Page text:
Red Light Company - Fine Fascination
I am deeply suspicious of bands who have managed to get themselves a record deal before they have even played a single gig and before they have recruited permanent members for more than half the line up. It smacks to me of either being too clever by half or a product of the fevered money-grubbing imagination of some A&R parasite in the record industry. Yet that is what vocalist-guitarist Richard Frenneaux and American bassist Shawn Day managed to do. And I still cannot decide which description is more accurate.
Red Light Company manage to sound like a cross between Interpol and Justin Hawkins formerly of the Darkness. Frenneaux's vocal style is impressively gymnastic, switching octaves from normal speaking tone to falsetto and back again within the space of a three syllable word. This is impressive and certainly lends the songs a distinct character, but after too long becomes overpowering and tends to dominate the music to the extent that the music becomes nothing more than a background to the voice.
Yet musically, these songs are by and large worth listening to. The two opening tracks, "Words of Spectacular" and "Scene Eugene" are as good an opening pair as you are going to find anywhere. The third number, "Arts and Crafts", continues along pretty much the same vein. At this point you may be forgiven for beginning to think you have a potential album of the year on your hands. By the time you get to "New Jersey Television" you could also be forgiven for thinking that this is the album Interpol should have made instead of Our Love to Admire if only they had a vocalist with the range of Frenneaux. But the closer you listen, the more you realise that first impressions are not always lasting ones. Good as Fine Fascination is on first listen (and it certainly is that), it begins to fall apart on repeated takes.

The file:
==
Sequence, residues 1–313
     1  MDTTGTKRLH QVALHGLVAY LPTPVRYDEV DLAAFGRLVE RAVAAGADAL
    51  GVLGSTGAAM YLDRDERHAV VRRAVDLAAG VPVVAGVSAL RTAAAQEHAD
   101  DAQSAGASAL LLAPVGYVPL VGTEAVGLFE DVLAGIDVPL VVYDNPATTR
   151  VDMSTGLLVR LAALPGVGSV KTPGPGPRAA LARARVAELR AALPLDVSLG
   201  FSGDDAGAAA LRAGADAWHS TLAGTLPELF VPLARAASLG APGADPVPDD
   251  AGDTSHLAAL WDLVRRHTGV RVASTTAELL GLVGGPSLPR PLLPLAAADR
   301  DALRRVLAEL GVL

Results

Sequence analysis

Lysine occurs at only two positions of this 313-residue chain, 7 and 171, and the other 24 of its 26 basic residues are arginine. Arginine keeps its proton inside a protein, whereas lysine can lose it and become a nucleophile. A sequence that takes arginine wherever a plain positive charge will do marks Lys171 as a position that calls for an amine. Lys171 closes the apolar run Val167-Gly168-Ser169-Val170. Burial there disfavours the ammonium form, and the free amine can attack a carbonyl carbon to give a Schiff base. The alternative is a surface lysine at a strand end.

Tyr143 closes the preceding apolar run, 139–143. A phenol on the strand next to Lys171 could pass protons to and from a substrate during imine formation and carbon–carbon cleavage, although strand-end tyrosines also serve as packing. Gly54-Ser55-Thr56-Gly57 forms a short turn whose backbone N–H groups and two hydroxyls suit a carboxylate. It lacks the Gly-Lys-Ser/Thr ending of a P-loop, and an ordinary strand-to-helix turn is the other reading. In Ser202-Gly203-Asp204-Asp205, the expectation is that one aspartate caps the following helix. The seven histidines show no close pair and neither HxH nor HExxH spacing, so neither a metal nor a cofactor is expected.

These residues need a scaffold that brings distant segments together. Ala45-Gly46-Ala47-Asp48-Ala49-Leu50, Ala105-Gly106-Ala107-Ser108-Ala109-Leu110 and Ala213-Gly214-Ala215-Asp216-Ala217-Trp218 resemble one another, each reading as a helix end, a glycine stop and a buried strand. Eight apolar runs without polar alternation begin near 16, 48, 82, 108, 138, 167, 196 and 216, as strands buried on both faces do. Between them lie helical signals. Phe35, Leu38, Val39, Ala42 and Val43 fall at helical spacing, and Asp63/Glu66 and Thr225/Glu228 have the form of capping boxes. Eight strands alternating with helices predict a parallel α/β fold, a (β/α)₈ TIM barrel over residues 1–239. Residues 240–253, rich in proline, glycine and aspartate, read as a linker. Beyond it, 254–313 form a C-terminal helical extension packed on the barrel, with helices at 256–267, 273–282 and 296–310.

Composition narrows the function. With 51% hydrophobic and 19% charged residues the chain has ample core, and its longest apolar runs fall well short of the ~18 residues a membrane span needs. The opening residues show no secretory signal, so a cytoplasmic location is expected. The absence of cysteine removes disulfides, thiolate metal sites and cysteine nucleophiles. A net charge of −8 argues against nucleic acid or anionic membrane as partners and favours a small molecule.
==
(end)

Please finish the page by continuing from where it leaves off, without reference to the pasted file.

The first thing you notice is that some of the tracks are distinctly below the standard set by the opening three. "Meccano" is a lumbering sort of song which shuffles in on the back of a heavy handed keyboard and, like an unwanted guest, refuses to move until its allotted time is up. "The Alamo" becomes irritating after a while. (Note to the band: don't end an album of largely up beat, frenetic indie-pop songs with a three minute guitar drone). Others just do not hit the mark - nothing to find objectionable about, they just don't register.
The next thing to get to you is the band seem to be on a mission. They are heading for that space formerly occupied by Simple Minds as the next thing behind U2 on the stadium's list of ‘bands-who-are-big-enough-to-play-here'. If Simple Minds were nicknamed U3 at times, then Red Light Company could just be U4. Not that the album is over-produced in an all-or-nothing marketing package, like say the White Lies' To Lose My Life for example, but you just get the impression that the band are aching for that scene before them when fifty thousand kids burn their fingers with cheap cigarette lighters as "Scheme Eugene " winds down.
But the most depressing aspect is something saved for last. It took a while for this to strike me, but when it did it was so blindingly obvious I don't know why I hadn't spotted it before. The lyrics are, for the most part, absolute gibberish. If you want proof positive that an unknown number of chimps in an indeterminate number of years could not bash out on a typewriter the complete works of Shakespeare, here it is. Let's start with the triumphantly anthemic chant of "Scheme Eugene":
"What you don't have/You won't miss it when you're gone"
At first you might think that is OK, but look closely. Surely you won't miss it when it's gone and when you're gone, you won't miss anything. Or how about this from "Arts and Crafts":
"Your testimony shakes and all you want, it breaks/I would never leave/You've found somebody else, is it true?/That's real, was it you?/My mood/Is it true? That's real"
But what does it actually mean? Even when the lyrics make sense, such as the suitably dark ones on "With Lights Out", purportedly written about a friend's suicide, the song delivers them at a breakneck, up-tempo adrenaline-fuelled speed wholly out of keeping with the theme.
This may sound pernickety, but once you hear these lyrics you can't get it out of your head just how daft and meaningless they are. And that really starts to spoil the enjoyment after a while because you can't help listening for the next stupid phrase or non-sequitur. Fine Fascination is not a bad album, musically, and the vocals are something different. But it has too obvious a set of flaws to overlook. Having said that, it gets that extra half star for having the coolest album cover of the year - just before that first fuck!
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